Wednesday 28 June 2017

Clampers run abuse gauntlet on a daily basis

Jerome Reilly

Jerome Reilly

Verbal abuse of car clampers is now so commonplace in Dublin that the city council no longer records them and there have been three incidents of physical assaults on clampers in the country last year.

Last year in Dundalk a local man received a three-month sentence for grabbing a traffic warden by the throat and punching him in the face after he was asked to remove a van parked on double yellow lines at the entrance to a town hall.

In the UK some parking wardens have been issued with head-mounted video cameras to deter assaults.

In Ennis, Co Clare, trade union leaders have clashed with the local town council following a spate of attacks.

It followed a court case in which a pensioner was charged with biting and scratching a traffic warden in in the town.

Last week at Ennis Circuit Court, Marcus Kelly, 68, of Hermitage, Ennis, appeared in connection with the assault of local traffic warden, Martin Ryan, at Arthur's Row, Ennis, on July 11, 2008.

Mr Kelly had initially been convicted in the District Court of the assault where he was fined €250 but appealed the severity of sentence to the Circuit Court last week.

Garda Michael Sweeney told the court that Mr Kelly bit Mr Ryan on the ribcage and scratched his face during the altercation.

Counsel for Mr Kelly, Elaine Power, said Mr Kelly approached Mr Ryan as he had felt very aggrieved over Mr Ryan issuing a parking ticket to Mr Kelly's wife, who is disabled.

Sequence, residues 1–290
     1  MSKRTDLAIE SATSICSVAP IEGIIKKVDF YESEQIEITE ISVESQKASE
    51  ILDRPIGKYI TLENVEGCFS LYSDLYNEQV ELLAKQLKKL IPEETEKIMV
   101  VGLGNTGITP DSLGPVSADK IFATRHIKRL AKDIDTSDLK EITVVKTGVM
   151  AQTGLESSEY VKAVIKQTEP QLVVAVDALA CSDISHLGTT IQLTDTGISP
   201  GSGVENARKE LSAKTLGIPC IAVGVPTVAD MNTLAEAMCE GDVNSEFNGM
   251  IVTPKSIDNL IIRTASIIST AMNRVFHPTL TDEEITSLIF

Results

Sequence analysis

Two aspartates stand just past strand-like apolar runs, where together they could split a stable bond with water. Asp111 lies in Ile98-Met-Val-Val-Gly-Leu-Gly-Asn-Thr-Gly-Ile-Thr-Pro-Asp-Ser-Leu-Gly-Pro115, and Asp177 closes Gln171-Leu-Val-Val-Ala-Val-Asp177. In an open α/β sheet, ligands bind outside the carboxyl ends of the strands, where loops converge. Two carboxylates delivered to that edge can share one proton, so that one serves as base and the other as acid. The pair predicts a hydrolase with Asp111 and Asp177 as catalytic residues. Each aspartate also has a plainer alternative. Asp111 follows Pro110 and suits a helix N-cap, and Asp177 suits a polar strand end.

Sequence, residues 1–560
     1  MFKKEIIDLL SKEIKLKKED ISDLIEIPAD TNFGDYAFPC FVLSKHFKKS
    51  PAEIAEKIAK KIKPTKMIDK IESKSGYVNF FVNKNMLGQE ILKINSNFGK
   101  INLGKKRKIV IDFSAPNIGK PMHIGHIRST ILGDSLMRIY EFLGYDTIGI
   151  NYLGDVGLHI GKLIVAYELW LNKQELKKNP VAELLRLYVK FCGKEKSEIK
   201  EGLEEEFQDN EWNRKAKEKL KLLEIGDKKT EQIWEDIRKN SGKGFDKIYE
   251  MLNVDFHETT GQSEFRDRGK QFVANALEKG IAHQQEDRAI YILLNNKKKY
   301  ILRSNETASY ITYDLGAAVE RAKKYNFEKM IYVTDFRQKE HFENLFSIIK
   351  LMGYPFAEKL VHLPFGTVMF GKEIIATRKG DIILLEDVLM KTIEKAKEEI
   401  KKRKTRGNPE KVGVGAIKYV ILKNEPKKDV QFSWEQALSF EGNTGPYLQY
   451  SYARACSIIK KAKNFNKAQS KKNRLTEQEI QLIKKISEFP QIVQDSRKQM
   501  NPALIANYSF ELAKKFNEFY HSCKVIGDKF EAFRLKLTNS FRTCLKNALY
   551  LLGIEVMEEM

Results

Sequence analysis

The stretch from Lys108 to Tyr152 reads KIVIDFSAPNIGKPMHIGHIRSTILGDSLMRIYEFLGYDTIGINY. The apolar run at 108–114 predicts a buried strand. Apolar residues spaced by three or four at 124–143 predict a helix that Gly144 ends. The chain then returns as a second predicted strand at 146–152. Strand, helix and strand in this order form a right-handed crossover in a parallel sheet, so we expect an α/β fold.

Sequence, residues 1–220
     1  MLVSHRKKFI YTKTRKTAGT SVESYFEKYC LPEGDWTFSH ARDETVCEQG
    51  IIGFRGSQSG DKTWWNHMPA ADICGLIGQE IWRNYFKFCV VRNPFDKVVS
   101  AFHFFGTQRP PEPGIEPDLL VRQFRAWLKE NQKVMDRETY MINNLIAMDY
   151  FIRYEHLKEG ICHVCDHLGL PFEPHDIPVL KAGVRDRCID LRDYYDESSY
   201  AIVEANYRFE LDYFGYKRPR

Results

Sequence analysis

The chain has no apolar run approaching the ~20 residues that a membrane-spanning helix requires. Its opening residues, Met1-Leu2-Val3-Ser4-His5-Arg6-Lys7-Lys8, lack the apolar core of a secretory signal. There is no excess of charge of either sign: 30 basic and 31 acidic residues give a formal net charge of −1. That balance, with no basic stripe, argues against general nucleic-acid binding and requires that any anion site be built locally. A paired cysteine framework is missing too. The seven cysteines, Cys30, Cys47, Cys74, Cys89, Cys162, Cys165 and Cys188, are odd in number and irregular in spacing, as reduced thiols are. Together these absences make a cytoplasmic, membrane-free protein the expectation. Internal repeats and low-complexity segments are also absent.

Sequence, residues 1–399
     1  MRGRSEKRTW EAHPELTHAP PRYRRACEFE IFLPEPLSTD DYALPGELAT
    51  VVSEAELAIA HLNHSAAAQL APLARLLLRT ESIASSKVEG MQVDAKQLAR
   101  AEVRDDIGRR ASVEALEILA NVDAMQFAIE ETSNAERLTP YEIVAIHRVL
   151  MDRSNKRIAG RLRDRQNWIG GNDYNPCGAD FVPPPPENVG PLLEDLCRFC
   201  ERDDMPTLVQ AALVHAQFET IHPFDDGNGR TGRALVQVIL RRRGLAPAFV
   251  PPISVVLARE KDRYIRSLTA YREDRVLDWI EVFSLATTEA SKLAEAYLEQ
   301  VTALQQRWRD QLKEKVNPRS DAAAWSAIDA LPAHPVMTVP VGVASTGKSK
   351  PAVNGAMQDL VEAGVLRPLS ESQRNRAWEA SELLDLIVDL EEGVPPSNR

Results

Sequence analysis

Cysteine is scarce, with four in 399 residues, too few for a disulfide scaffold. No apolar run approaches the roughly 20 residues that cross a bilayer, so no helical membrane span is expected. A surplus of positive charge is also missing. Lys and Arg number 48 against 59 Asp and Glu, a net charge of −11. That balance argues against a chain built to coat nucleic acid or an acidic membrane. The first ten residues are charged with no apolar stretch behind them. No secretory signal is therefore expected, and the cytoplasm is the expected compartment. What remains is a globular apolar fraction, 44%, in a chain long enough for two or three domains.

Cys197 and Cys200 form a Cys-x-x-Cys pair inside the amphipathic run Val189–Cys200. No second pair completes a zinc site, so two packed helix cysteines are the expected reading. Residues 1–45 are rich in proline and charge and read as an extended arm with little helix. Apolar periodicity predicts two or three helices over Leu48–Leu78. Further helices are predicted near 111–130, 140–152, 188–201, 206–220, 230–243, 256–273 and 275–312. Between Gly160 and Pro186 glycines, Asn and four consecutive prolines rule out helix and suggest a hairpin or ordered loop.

Ms Power said the incident was out of character for Mr Kelly.

Judge James O'Donohoe said: "Biting and scratching someone during the course of their job is very serious.

"It may have been out of character for the man, but he cannot resort to physical violence. It doesn't resolve these problems," the judge said.

Ms Power said Mr Kelly has no previous convictions and his wife suffers from a degenerative muscular disease and is a wheelchair user, while he also is the full-time carer for his disabled 14-year-old daughter.

Ms Power said Mr Kelly had a pension of €162 per week and was of limited means. State solicitor Martin Linnane confirmed that Mr Kelly was a man of excellent character.

The judge said that traffic wardens had an unenviable job and he would look on the case sympathetically if there was an apology from Mr Kelly.

After a short adjournment, Ms Power told the judge that Mr Kelly and Mr Ryan had shaken hands outside court and Mr Kelly had apologised for his actions.

The judge said that in view of the apology made and the serious burdens Mr Kelly has, he would impose the Probation Act and strike out the fine imposed in the District Court.

He applauded traffic warden Mr Ryan "for his Christianity" in shaking hands with Mr Kelly and accepting his apology.

But in a statement issued after the case, SIPTU stated that there had been a number of assaults on traffic wardens in Ennis and there was an obligation on the council to fulfil its duty of care for all employees to work in a safe environment.

"Their failure to do so has caused much upset and anxiety to members in recent times and was a concern in a recent dispute with the employer," the statement concluded.

That was a reference to a recent dispute between the union and the council in which wardens put in a claim seeking danger money payments following assaults, while issuing parking tickets to Ennis motorists.

Sunday Independent

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